Skip to article navigation Skip to content

Unique research

At UMC Utrecht, we conduct unique and pioneering research. Some examples of this in 2021 are:

Brain model could bring relief for epilepsy patients

To stop epilepsy attacks in patients with epilepsy, a treatment where the smallest possible part of the brain is removed, could provide a solution. The first step is to locate the probable focus of the epilepsy. If that part of the brain is expendable, it will be removed. Very often with success. But sometimes the focus is removed, yet the epilepsy remains. Research based on mathematical models offer surprising insights (published in Epilepsia ). It shows that the brain works differently from what was thought. With this model, we can simulate what happens during an attack. Subsidy provider ZonMw gave this UMC Utrecht research a Parel (‘Pearl') award in 2021. The researchers are still working on methods to improve the mathematical models and make them practically useful.

Less strenuous treatment for arterial occlusion

To treat patients with an occluded artery in the groin area in a less strenuous manner and with fewer risks, UMC Utrecht is conducting research on treatment using sound waves (scientific publication on PubMed ). By targeting high-frequency sound waves at an occlusion (plaque) in the artery, it can be broken down layer by layer. That is the theory behind Hifu treatment (High-Intensity Focused Ultrasound). In 2021 we treated the first patients with arterial occlusion in the groin using this method. The results are encouraging. Following this safety trial, where we want to demonstrate the safety of the treatment, an effectiveness study will be conducted to demonstrate scientifically that the treatment is effective. Once this has been demonstrated scientifically, the next step will be the treatment of arterial occlusion in other parts of the body. For example in the thigh, lower leg, or neck.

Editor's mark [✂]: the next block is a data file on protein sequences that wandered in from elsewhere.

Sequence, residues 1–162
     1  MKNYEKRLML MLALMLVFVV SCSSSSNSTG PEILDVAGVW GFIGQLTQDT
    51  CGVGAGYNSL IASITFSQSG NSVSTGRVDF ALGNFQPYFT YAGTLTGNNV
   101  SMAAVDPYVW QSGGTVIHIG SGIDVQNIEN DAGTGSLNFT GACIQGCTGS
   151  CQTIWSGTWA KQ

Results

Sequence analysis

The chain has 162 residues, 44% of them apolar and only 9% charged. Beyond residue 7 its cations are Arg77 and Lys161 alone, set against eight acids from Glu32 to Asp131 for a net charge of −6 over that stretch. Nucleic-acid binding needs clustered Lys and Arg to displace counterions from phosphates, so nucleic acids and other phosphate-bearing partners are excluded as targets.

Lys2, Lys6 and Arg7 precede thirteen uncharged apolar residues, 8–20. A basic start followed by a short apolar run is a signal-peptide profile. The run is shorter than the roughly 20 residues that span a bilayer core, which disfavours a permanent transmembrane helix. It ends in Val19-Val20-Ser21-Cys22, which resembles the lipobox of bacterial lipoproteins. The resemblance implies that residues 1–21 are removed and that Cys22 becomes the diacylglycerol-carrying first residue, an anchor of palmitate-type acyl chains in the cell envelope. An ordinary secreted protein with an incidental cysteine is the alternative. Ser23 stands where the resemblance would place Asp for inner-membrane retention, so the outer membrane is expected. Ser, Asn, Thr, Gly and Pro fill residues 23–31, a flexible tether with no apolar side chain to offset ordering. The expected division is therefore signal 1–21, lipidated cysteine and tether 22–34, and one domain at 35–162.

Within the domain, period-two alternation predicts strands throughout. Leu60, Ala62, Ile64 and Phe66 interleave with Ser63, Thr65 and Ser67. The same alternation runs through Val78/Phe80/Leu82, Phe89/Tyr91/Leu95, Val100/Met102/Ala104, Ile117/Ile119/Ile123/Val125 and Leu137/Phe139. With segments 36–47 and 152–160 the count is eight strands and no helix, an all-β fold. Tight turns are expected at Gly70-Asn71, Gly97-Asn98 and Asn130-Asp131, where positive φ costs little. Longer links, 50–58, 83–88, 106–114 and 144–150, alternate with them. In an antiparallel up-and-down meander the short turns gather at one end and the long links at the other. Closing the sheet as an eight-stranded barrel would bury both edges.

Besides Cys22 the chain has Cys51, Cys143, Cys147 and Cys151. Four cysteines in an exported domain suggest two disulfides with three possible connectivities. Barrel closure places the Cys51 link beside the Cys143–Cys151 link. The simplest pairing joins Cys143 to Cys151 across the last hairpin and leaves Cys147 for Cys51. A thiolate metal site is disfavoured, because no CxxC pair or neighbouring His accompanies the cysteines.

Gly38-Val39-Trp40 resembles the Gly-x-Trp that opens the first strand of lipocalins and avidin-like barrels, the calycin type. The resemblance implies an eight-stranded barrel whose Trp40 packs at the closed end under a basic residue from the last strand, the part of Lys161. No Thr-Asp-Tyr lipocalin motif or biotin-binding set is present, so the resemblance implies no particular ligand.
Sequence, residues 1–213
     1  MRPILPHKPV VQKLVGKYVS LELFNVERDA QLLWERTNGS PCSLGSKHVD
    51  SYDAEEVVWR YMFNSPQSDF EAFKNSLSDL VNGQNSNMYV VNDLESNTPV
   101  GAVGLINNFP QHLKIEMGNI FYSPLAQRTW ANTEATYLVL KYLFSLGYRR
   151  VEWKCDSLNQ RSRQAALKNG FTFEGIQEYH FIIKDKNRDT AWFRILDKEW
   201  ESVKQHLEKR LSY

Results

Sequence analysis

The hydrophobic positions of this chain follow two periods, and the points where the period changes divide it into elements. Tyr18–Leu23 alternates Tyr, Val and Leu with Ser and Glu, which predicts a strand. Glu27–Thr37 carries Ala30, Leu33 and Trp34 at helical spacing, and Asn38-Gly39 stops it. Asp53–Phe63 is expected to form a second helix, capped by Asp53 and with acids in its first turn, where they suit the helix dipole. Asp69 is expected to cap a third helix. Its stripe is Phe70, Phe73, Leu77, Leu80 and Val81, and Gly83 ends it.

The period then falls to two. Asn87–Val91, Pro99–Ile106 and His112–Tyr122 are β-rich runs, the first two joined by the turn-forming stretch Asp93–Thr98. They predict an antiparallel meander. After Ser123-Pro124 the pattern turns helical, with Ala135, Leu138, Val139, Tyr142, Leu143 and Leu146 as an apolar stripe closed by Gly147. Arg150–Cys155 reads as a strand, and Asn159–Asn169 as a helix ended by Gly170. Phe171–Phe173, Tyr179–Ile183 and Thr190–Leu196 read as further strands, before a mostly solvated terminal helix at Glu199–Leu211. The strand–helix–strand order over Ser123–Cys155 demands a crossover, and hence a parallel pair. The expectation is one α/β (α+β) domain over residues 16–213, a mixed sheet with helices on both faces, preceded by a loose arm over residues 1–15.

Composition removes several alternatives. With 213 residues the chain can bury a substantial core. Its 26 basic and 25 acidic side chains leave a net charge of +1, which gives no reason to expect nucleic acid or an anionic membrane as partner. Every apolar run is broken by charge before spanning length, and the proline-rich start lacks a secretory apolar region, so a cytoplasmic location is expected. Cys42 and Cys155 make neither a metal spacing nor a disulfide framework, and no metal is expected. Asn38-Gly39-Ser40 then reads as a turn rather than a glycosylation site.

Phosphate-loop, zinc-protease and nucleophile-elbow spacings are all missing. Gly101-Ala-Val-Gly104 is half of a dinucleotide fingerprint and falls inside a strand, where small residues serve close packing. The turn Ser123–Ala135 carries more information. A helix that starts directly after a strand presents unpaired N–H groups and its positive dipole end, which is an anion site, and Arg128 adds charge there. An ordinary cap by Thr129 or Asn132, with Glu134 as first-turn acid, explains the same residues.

Treatment of patients with COVID-19

The international REMAP-CAP study , an ongoing global study to improve pneumonia treatment, is coordinated in Europe by UMC Utrecht. The study is set up in such a way that the effectiveness of drugs can be tested rapidly during a pandemic. In 2020, the REMAP-CAP study tested several already existing drugs in the treatment of COVID-19 patients, with worthwhile results. In 2021 as well, the REMAP-CAP study delivered very useful information for the treatment of patients with COVID-19.

It appeared for instance from the REMAP-CAP study that treatment with high doses of anticoagulants is effective for patients with COVID-19 who are hospitalized, but not if they are in IC. This was published in the New England Journal of Medicine . The treatment can prevent these patients from becoming seriously ill, and can also improve the recovery of the patients. Treating seriously ill COVID-19 patients with drugs that are generally used for rheumatoid arthritis also appears to increase the patient’s chances on survival . A publication on this study also appeared in the New England Journal of Medicine .

Treating seriously ill COVID-19 patients in IC with  plasma antibodies brings no improvement (published in JAMA ). Furthermore, the use of hydroxychloroquine seems to worsen the condition of critically ill COVID-19 patients (published in Intensive Care Medicine ).

Treatment of cystic fibrosis

Cystic fibrosis is a serious hereditary condition that is caused by one or more mutations in the CFTR gene. Current medication only helps with some of the known mutations. For other mutations, directly repairing errors in the gene could provide a solution in the future. At UMC Utrecht, a study was conducted in 2021 to improve the prime editing of DNA codes. Improving prime editing creates more possibilities to correct the mutations that cause cystic fibrosis. The functionality and safety of these improved prime-editors are tested in intestine organoids that are made from the intestinal cells of cystic-fibrosis patients. Our researchers are also looking for a way to estimate where the best place is to correct the genome. For this, they have developed a test system. To make these techniques available as quickly as possible for cystic-fibrosis patients, researchers at UMC Utrecht have received an ERC Grant for follow-up research . In March 2022, the results of the 2021 study were published in Nature Communications .